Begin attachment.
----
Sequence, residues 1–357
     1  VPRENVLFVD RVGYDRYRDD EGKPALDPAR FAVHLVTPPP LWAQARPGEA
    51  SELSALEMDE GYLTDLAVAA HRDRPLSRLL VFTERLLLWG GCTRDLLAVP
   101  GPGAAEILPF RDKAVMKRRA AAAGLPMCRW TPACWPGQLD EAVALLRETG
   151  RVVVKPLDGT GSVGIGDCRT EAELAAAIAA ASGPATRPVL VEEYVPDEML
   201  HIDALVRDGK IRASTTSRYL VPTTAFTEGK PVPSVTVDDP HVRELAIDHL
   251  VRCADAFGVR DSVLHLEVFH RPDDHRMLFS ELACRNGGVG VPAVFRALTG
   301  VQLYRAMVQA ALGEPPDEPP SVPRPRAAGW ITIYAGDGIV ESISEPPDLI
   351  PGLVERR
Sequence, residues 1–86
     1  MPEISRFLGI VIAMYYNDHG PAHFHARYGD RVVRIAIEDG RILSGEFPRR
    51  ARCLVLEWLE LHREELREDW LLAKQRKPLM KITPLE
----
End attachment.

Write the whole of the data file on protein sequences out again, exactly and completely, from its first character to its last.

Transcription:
Sequence, residues 1–357
     1  VPRENVLFVD RVGYDRYRDD EGKPALDPAR FAVHLVTPPP LWAQARPGEA
    51  SELSALEMDE GYLTDLAVAA HRDRPLSRLL VFTERLLLWG GCTRDLLAVP
   101  GPGAAEILPF RDKAVMKRRA AAAGLPMCRW TPACWPGQLD EAVALLRETG
   151  RVVVKPLDGT GSVGIGDCRT EAELAAAIAA ASGPATRPVL VEEYVPDEML
   201  HIDALVRDGK IRASTTSRYL VPTTAFTEGK PVPSVTVDDP HVRELAIDHL
   251  VRCADAFGVR DSVLHLEVFH RPDDHRMLFS ELACRNGGVG VPAVFRALTG
   301  VQLYRAMVQA ALGEPPDEPP SVPRPRAAGW ITIYAGDGIV ESISEPPDLI
   351  PGLVERR
Sequence, residues 1–86
     1  MPEISRFLGI VIAMYYNDHG PAHFHARYGD RVVRIAIEDG RILSGEFPRR
    51  ARCLVLEWLE LHREELREDW LLAKQRKPLM KITPLE